Insurance and reinsurance companies, banks, and other financial institutions sometimes engage third-party agents to underwrite or administer their business. Often, the agents are paid based on business volume (a share of total premiums or fees generated), not business quality (final loss ratios or loan/investment performance). When paid on volume, the agent has incentive to maximize volume, regardless of the risk of loss to the principal. Principals generally control for this misalignment of interest by limiting the scope of agent authority through agreed underwriting guidelines.
When business that previously looked profitable starts to turn sour in a crisis, disputes over guideline compliance can arise. Principals contend the poor results are on business written outside of guidelines. Agents contend the business complied with original guidelines or with modifications or waivers made by the principal. We have seen this issue recur often throughout the years, from the Savings & Loans crisis in the 1980s to the Subprime Mortgage crisis of the late 2000s, and at many times and on many products in between (workers’ comp insurance programs, auto programs, life and health programs).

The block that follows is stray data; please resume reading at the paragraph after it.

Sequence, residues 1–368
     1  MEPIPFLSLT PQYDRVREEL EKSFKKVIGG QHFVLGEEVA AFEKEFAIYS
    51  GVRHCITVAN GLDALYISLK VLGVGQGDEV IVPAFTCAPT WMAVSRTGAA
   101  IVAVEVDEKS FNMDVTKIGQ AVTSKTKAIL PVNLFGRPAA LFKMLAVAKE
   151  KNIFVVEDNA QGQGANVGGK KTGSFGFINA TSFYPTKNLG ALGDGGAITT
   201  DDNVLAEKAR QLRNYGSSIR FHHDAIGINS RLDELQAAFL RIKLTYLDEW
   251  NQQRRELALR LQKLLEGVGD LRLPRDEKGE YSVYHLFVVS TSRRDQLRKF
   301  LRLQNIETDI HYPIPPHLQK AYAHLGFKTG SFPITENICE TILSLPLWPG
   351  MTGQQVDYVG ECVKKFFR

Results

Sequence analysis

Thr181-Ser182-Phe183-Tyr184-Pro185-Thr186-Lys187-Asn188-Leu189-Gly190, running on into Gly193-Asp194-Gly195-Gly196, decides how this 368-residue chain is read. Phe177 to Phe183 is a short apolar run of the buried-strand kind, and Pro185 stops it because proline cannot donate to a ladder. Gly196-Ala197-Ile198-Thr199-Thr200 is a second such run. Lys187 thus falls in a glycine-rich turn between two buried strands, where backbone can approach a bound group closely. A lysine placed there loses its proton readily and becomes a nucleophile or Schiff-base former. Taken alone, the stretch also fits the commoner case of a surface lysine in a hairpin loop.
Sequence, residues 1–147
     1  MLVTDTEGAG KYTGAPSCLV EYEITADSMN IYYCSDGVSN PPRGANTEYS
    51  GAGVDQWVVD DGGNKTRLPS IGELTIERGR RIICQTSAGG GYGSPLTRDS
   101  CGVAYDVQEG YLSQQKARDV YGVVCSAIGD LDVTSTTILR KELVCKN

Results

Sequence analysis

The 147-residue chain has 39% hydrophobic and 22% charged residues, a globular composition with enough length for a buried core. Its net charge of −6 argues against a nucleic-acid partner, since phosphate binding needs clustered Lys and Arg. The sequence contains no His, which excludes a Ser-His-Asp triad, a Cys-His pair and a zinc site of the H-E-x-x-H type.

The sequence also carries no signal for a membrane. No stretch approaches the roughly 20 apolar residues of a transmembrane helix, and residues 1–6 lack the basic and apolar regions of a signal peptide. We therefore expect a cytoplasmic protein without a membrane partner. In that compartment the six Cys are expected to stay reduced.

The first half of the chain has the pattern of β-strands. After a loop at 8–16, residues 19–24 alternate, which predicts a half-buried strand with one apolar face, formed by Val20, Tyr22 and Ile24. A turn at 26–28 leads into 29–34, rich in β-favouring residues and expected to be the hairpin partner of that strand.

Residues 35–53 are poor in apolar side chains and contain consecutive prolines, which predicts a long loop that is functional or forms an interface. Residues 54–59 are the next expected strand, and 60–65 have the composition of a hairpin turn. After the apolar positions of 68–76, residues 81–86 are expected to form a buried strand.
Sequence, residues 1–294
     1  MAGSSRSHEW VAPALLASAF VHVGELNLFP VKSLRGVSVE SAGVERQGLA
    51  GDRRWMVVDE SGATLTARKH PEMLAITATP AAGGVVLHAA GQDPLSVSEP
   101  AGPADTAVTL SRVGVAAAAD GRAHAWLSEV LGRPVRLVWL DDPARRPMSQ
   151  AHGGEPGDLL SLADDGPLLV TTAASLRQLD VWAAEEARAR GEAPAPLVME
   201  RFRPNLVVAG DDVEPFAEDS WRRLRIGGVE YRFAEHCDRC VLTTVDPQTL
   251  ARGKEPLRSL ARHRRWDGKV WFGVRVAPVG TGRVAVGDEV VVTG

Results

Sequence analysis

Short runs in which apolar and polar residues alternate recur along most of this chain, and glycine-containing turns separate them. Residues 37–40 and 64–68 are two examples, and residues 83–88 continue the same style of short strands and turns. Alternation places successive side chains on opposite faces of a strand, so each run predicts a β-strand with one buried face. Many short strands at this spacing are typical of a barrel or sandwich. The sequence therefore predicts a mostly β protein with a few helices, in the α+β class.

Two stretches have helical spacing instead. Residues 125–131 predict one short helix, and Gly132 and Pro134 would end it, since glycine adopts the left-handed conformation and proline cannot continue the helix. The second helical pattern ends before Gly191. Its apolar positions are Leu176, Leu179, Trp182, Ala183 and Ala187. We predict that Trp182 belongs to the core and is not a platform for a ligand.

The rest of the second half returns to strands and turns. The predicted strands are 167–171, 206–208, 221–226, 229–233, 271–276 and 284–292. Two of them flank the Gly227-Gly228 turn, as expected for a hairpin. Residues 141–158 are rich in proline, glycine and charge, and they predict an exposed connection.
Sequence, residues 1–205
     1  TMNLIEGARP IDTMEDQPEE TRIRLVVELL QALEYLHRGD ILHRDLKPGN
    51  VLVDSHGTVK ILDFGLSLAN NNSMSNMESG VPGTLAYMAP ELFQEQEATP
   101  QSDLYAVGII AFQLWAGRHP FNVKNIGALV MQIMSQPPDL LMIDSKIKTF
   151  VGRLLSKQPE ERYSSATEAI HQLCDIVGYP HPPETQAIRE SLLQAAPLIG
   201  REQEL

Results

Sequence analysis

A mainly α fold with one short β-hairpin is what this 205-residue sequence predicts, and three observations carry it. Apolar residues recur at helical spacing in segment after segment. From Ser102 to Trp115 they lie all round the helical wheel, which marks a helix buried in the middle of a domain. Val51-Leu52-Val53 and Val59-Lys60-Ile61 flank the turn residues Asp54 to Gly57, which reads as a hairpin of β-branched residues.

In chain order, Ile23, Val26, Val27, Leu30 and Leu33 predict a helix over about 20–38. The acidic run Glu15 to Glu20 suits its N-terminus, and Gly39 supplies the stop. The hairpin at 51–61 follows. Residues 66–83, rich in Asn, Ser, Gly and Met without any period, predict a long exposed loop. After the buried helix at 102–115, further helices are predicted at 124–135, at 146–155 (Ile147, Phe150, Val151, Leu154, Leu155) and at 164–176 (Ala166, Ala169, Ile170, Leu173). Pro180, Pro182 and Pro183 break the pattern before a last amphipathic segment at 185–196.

Given the current crisis, we expect defaults and claims to spike significantly in loan portfolios and financial insurance (e.g., reps and warranty coverage, trade credit insurance, political risk insurance). Now is the time to assess and review guideline compliance. If you are a principal, check in with your agent now. Audit and monitor all aspects of the business the agent is responsible for. If you are an agent, make sure your records are clear and up-to-date so you are prepared to answer questions from your principal.
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